78. 78. Miller MB, Basu S, Cunningham J, Eskin E, Malone SM, Oetting WS, et al. The Minnesota Center for Twin and Family Research Genome-Wide Association Study. Twin research and human genetics: the official journal of the International Society for Twin Studies. 2012;15(6):767–774.
  79. 79. Iacono WG, McGue M. Minnesota Twin Family Study. Twin Research and Human Genetics. 2002;5(5):482–487.
  80. 80. Liu JZ, Mcrae AF, Nyholt DR, Medland SE, Wray NR, Brown KM, et al. A Versatile Gene-Based Test for Genome-wide Association Studies. The American Journal of Human Genetics. 2010;87(1):139–145. pmid:20598278
  81. 81. Zhang K, Cui S, Chang S, Zhang L, Wang J. i-GSEA4GWAS: a web server for identification of pathways/gene sets associated with traits by applying an improved gene set enrichment analysis to genome-wide association study. Nucleic Acids Research. 2010;38(suppl_2):W90–W95. pmid:20435672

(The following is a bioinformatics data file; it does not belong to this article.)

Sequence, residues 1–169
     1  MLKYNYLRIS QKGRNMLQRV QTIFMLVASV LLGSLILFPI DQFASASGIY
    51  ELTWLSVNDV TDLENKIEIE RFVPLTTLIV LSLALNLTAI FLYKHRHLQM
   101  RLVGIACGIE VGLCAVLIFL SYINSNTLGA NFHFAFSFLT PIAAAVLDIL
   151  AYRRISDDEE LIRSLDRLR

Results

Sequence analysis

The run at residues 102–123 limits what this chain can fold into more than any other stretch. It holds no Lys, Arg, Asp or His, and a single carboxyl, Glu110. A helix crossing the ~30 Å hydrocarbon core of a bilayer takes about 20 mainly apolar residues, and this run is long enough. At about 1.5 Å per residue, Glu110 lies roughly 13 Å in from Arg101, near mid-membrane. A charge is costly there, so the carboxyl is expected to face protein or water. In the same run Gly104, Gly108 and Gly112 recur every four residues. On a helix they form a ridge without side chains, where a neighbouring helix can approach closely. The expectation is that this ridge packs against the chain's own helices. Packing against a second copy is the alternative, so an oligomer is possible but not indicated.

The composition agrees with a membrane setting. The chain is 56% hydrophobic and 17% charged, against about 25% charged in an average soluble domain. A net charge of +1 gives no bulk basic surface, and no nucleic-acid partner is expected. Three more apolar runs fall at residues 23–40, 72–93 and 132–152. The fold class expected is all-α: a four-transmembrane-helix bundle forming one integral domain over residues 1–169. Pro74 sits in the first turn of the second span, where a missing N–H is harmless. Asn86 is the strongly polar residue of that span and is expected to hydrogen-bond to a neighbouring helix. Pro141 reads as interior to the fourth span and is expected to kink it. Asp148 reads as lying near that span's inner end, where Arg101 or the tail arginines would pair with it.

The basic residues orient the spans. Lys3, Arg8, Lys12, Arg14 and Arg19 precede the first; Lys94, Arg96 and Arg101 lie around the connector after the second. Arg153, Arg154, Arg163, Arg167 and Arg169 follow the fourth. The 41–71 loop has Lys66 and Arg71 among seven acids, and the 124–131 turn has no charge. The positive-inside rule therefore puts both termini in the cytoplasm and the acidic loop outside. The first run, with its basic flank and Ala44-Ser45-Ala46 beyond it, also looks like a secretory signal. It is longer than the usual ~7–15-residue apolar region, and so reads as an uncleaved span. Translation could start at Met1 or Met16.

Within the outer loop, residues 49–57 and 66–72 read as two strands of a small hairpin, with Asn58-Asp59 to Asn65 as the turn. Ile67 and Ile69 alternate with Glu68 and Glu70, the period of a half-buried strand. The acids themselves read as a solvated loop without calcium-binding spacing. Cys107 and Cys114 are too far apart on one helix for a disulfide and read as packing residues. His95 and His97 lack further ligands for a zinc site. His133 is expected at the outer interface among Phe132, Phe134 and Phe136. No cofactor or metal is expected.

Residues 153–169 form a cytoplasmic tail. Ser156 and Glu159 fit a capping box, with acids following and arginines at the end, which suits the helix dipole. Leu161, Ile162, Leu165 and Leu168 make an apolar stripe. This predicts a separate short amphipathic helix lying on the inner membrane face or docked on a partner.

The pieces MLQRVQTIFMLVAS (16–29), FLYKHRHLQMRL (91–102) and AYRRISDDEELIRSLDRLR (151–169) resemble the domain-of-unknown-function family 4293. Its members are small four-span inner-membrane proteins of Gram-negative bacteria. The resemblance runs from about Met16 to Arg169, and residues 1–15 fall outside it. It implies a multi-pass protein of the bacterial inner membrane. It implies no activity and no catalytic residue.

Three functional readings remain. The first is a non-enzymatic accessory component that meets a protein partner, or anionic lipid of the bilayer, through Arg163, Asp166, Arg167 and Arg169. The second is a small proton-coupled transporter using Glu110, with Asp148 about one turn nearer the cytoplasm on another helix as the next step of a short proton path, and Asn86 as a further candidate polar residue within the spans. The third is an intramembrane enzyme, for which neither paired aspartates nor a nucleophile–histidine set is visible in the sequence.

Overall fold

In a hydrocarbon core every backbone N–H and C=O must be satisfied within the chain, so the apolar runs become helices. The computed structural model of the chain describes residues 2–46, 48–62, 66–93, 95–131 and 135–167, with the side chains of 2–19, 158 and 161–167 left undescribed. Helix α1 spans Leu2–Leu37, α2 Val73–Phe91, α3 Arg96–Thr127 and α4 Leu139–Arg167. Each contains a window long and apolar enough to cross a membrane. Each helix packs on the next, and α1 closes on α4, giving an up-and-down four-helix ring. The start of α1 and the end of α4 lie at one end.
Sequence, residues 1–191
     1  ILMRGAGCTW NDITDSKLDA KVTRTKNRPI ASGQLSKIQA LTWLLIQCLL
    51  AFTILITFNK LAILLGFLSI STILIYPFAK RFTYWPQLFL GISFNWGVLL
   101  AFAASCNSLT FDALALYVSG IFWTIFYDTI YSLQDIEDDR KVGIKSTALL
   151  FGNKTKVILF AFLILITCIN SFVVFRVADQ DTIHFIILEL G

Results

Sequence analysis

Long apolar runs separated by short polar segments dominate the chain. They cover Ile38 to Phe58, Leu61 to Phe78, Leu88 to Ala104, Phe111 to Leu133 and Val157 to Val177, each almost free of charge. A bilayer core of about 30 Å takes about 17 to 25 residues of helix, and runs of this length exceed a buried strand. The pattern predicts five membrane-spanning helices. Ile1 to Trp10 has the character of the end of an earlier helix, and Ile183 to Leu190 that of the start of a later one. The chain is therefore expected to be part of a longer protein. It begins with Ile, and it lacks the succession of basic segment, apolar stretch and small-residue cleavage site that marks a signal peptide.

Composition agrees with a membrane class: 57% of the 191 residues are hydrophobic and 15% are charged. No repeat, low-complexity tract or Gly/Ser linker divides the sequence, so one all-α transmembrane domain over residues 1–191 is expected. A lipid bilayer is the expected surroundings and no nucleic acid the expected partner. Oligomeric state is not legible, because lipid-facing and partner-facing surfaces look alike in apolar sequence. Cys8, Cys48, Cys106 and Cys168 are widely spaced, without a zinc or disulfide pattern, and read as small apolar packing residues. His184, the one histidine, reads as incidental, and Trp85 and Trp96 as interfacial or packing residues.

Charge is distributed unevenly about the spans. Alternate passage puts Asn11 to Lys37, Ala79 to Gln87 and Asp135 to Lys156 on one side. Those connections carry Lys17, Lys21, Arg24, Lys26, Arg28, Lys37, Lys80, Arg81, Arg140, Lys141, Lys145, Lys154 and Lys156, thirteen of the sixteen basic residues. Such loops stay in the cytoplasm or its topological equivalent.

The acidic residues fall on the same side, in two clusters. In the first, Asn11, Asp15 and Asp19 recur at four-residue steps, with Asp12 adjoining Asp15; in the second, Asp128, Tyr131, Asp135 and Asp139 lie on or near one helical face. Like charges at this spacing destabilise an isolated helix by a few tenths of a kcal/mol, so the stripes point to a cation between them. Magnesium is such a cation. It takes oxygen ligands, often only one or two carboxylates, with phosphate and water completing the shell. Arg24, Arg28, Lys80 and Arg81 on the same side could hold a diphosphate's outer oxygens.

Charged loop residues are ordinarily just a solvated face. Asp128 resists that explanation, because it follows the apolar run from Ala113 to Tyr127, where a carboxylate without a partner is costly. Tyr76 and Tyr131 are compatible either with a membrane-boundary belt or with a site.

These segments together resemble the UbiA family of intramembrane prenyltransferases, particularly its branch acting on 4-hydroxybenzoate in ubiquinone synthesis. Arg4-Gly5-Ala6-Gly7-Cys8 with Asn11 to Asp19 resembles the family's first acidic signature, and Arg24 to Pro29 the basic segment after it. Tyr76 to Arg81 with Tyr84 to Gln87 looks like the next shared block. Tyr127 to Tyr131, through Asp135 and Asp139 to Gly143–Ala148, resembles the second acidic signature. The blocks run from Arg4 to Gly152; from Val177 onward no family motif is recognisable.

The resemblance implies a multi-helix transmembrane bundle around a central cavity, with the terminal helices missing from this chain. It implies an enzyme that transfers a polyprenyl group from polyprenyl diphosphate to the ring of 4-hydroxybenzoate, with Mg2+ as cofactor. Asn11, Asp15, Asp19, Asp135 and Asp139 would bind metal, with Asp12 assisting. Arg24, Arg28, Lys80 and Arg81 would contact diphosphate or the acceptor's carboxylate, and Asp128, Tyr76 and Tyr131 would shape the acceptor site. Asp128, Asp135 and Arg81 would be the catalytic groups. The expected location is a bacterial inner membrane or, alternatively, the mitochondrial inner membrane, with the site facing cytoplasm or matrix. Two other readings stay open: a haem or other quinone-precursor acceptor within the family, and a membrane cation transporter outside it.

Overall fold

82. 82. Lamparter D, Marbach D, Rueedi R, Kutalik Z, Bergmann S. Fast and rigorous computation of gene and pathway scores from SNP-based summary statistics. PLoS computational biology. 2016;12(1):e1004714. pmid:26808494
  83. 83. Champely S. pwr: Basic functions for power analysis. R package version 1.1. 1. The R Foundation. 2009;.
  84. 84. Imbens GW, Kolesár M. Robust Standard Errors in Small Samples: Some Practical Advice. The Review of Economics and Statistics. 2015;98(4):701–712.
  85. 85. Cameron AC, Miller DL. A Practitioner’s Guide to Cluster-Robust Inference. Journal of Human Resources. 2015;50(2):317–372.